Goodman Mountain

A short hike to a big view

You can reach the 2,178-foot summit of “Goodman Mountain” by an easy bushwhack. Start at the unpaved parking area for Lumberjack Spring, on the east side of Route 30 a few hundred yards south of the right turn for County Route 421 (the road to Bog River Falls and Horseshoe Lake).

Before the hike, you can fill up your water bottle at Lumberjack Spring. Local residents have been drawing water for decades from this artesian well. Charles Goodman built the concrete shelter protecting the spring in 1937. A plaque on the side of the building pays tribute to the region’s lumberjacks.

From the parking area, head northeast along the old road. After a half-mile or so, turn left and begin bushwhacking up the hill. You’ll pass through an open forest of hardwoods, including beech, sugar maple and yellow birch.

The climbing gets a little steep just below the summit. When you reach the top, you’ll find open bedrock with views of lakes and rolling hills. To the east is the 11,000-acre tract owned by the Litchfield family. If you have good eyesight or a good pair of binoculars, you can see the family’s castle, built in the early 1900s, about three miles away on the southern shore of Lake Madeleine. Far beyond are the western High Peaks.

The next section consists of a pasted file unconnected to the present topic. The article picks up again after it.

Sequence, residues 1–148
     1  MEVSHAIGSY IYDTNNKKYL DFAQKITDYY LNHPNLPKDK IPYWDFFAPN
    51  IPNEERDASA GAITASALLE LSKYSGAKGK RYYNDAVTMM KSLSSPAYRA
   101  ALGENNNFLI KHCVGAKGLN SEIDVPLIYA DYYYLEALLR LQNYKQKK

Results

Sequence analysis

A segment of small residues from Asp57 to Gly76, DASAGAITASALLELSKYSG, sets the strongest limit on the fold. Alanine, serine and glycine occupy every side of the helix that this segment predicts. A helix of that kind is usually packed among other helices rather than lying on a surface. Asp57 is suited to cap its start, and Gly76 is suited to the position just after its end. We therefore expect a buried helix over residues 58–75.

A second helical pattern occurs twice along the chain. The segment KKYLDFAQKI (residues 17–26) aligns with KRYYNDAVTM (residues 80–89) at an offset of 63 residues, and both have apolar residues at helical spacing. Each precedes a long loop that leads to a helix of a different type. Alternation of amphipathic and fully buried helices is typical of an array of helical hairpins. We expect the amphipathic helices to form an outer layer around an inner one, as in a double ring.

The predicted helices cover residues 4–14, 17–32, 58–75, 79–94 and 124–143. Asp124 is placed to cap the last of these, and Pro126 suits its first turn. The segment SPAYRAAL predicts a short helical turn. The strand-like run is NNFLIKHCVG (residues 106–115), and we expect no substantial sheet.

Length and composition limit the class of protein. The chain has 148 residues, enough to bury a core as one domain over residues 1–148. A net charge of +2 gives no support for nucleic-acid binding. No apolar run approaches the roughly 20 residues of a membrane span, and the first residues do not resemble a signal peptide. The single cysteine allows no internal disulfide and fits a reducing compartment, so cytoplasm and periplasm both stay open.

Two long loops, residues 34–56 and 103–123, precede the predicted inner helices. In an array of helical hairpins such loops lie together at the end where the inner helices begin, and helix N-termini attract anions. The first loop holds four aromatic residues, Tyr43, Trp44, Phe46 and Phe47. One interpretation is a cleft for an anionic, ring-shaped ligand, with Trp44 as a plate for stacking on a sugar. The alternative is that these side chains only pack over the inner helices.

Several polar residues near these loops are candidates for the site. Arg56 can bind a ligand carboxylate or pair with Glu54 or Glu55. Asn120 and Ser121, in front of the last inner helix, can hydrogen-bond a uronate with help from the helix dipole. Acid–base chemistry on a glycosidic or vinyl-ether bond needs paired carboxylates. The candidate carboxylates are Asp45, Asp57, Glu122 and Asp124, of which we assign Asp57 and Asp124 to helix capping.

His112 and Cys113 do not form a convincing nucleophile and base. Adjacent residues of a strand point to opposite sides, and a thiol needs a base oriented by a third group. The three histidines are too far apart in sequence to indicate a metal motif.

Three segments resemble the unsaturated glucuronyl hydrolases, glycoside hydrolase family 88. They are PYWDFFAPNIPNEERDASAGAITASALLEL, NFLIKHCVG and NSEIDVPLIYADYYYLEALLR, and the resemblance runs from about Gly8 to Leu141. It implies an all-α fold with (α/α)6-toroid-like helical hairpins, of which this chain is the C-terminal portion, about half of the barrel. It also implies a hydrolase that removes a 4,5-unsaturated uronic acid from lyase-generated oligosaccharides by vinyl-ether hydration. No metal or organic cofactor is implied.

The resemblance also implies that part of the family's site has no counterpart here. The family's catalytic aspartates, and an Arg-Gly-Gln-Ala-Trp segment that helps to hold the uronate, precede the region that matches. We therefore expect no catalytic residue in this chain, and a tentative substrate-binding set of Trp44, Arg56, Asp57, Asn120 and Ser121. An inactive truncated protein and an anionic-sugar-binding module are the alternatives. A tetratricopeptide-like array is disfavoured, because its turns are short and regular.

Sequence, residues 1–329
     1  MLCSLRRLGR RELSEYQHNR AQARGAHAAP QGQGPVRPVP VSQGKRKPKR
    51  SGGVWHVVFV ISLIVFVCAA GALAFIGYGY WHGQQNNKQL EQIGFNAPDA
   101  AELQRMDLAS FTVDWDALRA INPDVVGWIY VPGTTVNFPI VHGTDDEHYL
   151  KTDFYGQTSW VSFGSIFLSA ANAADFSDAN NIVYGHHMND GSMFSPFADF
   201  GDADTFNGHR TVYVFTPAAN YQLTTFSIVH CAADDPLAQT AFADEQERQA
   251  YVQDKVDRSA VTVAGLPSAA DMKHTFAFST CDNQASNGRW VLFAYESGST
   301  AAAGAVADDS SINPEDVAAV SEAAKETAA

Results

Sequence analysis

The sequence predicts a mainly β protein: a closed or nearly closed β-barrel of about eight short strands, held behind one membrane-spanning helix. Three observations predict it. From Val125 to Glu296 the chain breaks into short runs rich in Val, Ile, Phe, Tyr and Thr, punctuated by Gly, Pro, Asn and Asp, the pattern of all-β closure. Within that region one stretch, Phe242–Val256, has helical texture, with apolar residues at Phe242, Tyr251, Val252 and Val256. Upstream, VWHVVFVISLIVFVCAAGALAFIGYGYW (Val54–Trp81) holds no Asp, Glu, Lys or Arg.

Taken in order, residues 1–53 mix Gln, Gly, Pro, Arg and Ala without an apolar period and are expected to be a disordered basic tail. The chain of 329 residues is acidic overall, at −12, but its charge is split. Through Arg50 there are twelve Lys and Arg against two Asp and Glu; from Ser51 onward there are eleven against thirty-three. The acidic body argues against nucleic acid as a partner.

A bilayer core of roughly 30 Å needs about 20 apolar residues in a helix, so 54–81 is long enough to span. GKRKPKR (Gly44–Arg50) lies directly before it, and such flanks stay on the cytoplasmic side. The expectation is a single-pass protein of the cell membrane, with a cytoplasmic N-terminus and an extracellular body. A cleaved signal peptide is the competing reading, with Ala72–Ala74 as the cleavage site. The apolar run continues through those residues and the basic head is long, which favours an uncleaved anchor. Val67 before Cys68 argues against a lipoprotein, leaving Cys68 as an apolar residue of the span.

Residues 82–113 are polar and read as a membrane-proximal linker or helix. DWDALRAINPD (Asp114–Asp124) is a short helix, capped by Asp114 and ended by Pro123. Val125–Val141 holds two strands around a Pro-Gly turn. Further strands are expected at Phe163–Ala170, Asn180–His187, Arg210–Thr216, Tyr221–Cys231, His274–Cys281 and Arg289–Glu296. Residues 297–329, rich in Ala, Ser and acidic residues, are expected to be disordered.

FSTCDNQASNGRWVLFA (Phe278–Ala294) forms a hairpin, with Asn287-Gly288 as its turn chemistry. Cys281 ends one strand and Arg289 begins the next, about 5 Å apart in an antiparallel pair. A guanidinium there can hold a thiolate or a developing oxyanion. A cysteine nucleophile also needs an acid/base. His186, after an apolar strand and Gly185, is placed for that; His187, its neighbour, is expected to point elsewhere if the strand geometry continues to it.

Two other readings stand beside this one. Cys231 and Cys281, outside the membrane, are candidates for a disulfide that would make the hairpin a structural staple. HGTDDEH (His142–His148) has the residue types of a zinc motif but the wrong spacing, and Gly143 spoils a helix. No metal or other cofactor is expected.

Other landmarks include nearby Coney Mountain, almost due south; Little Tupper Lake, to the southwest; the Bog River region to the west, including the cliffs overlooking Hitchins Pond, and Mount Arab and Tupper Lake to the northwest. All that for a round-trip of less than 2 miles.

If you still have some energy to expend, you might want to climb Coney as well. It’s slightly taller than Goodman and offers a 360-degree view.

Drive south on Route 30 for a mile from Lumberjack Spring to a pulloff on the west side of the highway just after the Hamilton County line. Walk across the road toward a utility pole with a transformer. Enter the woods and look for a path that follows trees with yellow blazes. Round-trip, it’s less than a mile.

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The Adirondack Explorer is a nonprofit magazine covering the Adirondack Park's environment, recreation and communities.

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